A businessman has finally landed his dream of moving his fishing tackle shop into his favourite pub after becoming tangled in red tape from this year’s rates revaluation.
Steve Ashton was locked in discussions with the Valuation Office Agency (VOA) over his conversion of The Crown on Holderness Road, Hull, from a derelict shell into a state-of-the-art angling store. But he is now open for business after help from AS Rating.
Ashton Property Company, which is owned by Steve, bought the pub on 20 March after plans were dropped to turn it into a Netto supermarket. He promptly received a rates bill for £1,500, followed by another for £3,900 for April, and he appointed Adrian Smith of AS Rating to look into the demands.
Adrian advised Steve to challenge the amounts on the basis that the rateable value for The Crown had dropped from around £80,000 to around £23,500 and because of the condition of a building which had been ransacked by vandals during the two years in which it sat empty.
But Steve could not take up the VOA’s “check, challenge, appeal” procedure because the new system had not registered him as the owner of the property.
Adrian’s success in persuading Hull City Council to put a hold on the building’s business rates account enabled Steve to go ahead with the conversion and he has now completed the relocation of Hull Angling Centre.
The project has created seven new jobs with the prospect of more to come once work is completed on three more units. The business has been transformed, with stock expanded to include rods, reels, baits and clothing.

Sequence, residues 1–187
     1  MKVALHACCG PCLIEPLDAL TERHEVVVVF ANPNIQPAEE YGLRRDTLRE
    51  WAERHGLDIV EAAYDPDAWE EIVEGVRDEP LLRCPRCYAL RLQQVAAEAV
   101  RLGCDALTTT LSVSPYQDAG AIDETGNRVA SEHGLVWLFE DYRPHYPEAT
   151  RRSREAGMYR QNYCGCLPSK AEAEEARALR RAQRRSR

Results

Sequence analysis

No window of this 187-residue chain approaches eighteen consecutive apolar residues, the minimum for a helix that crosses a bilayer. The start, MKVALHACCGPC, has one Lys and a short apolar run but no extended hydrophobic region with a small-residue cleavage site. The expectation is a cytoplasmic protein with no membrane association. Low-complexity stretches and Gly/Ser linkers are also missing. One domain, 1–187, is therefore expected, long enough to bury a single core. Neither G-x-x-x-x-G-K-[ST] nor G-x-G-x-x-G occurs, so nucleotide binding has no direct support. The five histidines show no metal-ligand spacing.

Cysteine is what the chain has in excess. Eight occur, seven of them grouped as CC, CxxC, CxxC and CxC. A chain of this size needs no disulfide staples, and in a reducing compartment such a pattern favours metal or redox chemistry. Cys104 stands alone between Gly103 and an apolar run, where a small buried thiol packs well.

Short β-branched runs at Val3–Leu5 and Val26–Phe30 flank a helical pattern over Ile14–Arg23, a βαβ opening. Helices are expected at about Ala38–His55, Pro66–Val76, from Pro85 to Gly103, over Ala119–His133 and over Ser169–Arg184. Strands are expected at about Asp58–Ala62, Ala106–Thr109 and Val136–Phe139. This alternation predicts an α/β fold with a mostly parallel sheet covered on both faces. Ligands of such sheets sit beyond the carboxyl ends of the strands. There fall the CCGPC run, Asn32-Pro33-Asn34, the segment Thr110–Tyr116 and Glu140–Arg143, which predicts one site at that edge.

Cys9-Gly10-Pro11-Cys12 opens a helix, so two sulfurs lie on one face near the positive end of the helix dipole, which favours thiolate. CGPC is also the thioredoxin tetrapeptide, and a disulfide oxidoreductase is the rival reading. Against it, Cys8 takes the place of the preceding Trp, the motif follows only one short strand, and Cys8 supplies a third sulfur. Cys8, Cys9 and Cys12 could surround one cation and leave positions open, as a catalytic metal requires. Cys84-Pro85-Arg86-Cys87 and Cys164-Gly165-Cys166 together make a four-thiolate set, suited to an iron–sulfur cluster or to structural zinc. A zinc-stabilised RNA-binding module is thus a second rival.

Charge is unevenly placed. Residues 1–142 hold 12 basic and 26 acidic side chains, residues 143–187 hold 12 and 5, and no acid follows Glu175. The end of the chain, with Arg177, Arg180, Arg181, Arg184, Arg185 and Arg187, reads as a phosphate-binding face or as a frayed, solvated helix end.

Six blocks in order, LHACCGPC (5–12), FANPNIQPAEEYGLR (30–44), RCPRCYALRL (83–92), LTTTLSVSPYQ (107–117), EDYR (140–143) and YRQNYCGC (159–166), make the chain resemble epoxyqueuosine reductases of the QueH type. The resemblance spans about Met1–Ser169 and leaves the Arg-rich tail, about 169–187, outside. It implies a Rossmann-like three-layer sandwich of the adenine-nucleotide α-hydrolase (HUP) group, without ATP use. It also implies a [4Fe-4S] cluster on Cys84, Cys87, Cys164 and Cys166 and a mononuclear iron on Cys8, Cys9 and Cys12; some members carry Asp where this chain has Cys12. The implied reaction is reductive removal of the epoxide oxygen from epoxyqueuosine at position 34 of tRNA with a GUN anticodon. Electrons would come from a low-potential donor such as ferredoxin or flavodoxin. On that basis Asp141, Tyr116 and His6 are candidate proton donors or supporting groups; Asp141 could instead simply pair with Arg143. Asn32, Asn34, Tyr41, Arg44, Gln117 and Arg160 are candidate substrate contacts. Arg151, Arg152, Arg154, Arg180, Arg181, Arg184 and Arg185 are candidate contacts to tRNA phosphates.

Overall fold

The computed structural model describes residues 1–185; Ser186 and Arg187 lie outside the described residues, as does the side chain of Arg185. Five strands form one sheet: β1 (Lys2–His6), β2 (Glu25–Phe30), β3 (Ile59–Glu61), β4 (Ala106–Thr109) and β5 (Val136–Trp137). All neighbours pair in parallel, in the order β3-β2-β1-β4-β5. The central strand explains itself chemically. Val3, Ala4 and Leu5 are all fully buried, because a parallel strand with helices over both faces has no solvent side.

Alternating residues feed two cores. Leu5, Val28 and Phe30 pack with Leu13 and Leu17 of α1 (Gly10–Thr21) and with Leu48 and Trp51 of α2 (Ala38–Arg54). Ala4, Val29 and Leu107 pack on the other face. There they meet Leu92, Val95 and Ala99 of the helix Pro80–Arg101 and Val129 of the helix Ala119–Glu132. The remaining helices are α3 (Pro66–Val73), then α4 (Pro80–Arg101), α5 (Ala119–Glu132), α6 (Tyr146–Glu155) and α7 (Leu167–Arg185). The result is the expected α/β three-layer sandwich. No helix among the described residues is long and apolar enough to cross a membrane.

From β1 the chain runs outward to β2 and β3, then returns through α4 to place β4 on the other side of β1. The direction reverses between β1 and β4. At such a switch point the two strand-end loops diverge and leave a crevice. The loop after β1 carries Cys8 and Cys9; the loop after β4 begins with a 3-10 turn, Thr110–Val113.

Steve said: “People in the area are telling us how good it is that someone has done something positive with the old building. They were sick of people wheel-spinning in the car park and dumping waste there.
“If Adrian hadn’t been able to help me I’d have paid those initial demands and then nearly £4,000 per month for a building that I couldn’t use to generate any revenue. Or maybe I’d just have sold it on to get rid of it”
Adrian said: “I explained to Hull City Council that the building was not capable of beneficial occupation and I also sent them photographs. They said they would put a temporary hold on the account until we could resolve things, but we couldn’t get the VOA to come and see the building because they don’t recognise Steve as the owner.
“If Steve had been required to pay rates on the derelict building it’s unlikely this project could have progressed. He’s created a new business, new jobs and opportunities for other businesses in a part of the city that really needs investment.”